The strangest thing happened at a recent Stake leadership training meeting on a beautiful Saturday. I had settled down in the remote back corner of the crowded Relief Society room with my stack of books, ready to split my time between reading Nibley’s One Eternal Round, studying Mandarin from a recent Liahona and a Chinese dictionary, and perhaps nodding occasionally and even taking a few notes from the meeting I was attending, sort of. If I had to spend much of a Saturday in meetings–Saturday, one of my only times to get my stuff done–at least I was going to walk away knowing a little more in some areas that mattered to me.
And then came the opening prayer that changed everything and foiled all my plans, resulting in a “less productive” day that was inspiring and even joyous instead of a grudging sacrifice and waste of time. It came from a High Council member whom I deeply respect as a faithful Latter-day Saint and highly admired corporate leader as well. Near the beginning of his prayer, he said, “Father, help us that we may be present. . . .” Flush. With that phrase, my plans and selfish intentions began swirling and then swiftly descended into the great drain of reconsideration.
“How can you learn if you don’t listen? How can you be guided if you don’t pay attention? Whom are you here to serve anyway?” Ooops. Uh, right. So I set down my stack of books, got out my notebook, and began paying attention to what was said. A difficult exercise, one that I’m not ready to commit to as a pattern for the future, but one that brought remarkable results that day. I found that the messages that had been prepared really had some meat to them.
The words of our Stake President especially opened up some new things for me and strengthened me in a variety of ways. I found that there were promptings and small bits of guidance that came as I paid attention and allowed the Spirit to influence my reaction to what was taught. My testimony was strengthened by several of the stories and principles shared, and I was faced once again with overwhelming evidence of what really motivates and drives the leaders in this Church: a desire to follow Jesus Christ, to love and bless others, and to bring the joy into the lives of people that only comes from following Christ. It’s not about self-aggrandizement, control or power, but about humble service and love. It’s a privilege to be part of that, even if it means occasionally losing a precious Saturday morning to study and do things that aren’t on my personal to-do list.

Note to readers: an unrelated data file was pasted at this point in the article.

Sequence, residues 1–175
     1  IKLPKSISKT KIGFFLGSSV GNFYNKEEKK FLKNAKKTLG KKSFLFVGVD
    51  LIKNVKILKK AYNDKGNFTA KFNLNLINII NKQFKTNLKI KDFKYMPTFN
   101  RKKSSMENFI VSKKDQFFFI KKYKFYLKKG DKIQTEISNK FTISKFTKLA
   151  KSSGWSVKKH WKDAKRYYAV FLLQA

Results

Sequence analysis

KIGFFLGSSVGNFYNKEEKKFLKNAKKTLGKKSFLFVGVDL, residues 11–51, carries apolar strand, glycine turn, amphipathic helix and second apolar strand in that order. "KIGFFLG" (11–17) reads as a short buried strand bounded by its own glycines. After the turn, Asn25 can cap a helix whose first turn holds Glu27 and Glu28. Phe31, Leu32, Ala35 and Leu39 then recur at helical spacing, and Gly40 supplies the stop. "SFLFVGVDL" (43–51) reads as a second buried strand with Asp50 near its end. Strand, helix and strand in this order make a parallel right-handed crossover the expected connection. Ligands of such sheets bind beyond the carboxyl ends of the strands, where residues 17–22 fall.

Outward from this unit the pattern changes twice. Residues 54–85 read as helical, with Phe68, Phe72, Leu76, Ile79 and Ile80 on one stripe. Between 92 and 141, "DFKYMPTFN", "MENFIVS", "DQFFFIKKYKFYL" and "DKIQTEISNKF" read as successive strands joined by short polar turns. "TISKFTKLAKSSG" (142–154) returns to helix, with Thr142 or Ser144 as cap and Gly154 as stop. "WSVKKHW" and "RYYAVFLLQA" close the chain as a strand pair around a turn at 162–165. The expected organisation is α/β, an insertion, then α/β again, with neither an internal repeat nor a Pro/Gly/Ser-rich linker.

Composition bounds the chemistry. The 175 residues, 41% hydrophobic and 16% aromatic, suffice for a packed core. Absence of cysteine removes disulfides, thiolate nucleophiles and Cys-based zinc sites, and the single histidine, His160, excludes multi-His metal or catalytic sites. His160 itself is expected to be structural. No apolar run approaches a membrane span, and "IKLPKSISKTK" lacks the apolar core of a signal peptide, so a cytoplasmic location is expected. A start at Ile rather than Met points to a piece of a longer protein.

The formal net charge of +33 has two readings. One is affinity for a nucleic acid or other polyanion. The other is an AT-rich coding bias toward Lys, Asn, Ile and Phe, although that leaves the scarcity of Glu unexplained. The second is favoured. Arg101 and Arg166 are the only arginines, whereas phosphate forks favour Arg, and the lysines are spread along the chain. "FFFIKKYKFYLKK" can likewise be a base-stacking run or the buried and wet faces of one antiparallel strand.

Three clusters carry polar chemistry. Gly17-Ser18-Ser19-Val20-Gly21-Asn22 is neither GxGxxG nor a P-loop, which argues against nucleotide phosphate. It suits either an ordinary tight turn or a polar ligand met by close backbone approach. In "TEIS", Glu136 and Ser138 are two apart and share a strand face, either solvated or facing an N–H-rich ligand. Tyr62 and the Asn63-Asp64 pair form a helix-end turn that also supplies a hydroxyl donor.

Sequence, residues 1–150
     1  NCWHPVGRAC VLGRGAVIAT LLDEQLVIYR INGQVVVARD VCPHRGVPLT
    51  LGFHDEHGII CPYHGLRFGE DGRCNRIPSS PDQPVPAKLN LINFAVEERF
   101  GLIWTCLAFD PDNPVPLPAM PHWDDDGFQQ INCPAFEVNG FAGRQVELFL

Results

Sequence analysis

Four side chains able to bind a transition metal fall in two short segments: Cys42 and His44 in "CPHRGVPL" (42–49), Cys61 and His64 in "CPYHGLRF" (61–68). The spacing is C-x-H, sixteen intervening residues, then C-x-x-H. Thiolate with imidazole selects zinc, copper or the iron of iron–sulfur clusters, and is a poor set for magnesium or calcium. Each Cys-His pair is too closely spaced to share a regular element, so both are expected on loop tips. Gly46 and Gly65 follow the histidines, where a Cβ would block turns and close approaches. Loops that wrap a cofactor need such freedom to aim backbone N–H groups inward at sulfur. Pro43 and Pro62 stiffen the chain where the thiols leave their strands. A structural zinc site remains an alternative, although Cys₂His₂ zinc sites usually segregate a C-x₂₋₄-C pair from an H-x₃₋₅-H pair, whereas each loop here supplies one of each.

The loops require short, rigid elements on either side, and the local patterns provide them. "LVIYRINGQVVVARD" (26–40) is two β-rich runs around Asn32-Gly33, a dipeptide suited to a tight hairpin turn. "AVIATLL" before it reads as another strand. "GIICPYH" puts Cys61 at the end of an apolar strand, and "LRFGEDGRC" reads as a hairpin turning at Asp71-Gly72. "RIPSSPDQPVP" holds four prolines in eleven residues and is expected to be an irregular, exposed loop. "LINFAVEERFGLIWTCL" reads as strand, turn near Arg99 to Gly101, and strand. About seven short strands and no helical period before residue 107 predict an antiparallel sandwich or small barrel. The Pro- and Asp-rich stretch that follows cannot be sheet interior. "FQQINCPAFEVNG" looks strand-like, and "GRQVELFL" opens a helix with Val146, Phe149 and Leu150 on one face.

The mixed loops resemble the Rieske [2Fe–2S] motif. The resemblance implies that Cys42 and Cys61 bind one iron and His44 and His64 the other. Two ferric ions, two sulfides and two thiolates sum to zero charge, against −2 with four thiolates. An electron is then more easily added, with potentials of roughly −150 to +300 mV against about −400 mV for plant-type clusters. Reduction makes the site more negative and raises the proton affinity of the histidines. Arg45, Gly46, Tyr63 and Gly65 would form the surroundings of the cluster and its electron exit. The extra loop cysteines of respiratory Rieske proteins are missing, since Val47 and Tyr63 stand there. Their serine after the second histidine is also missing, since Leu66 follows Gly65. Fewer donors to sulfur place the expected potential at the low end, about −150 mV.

Almost five hours after that prayer, as I drove home, I realized that I had experienced a wonderful and joyous day, much better than what would have happened if I were always drifting in and out of the flow, trying to study my own stuff without being present. Thank heavens for that inspired opening prayer with that day-changing line, “that we may be present.” I might even try it again next time.
UPDATE, MAY 14: Before people get too offended by my attitudes about attending meetings, I should clarify that my attendance was not required at this meeting. It was a bishopric training meeting, and since I am not a unit advisor to any specific unit, there was no need for me to be there, but it was OK to attend. I was there voluntarily because I wanted to attend to learn more about ward councils since the Young Women’s president had asked me to give her group a little training in that area later in the day. So to fulfill my duties later in the day, I felt that I should attend this earlier meeting, but it was hard to completely give up that time without trying to get some extra things done at the same time. But I admit it’s a temptation that doesn’t go away even in meetings where I am expected to be there. I won’t admit to any further sins along these lines, especially not sneaking in foreign language materials to Priesthood meetings. That would be going totally apostate.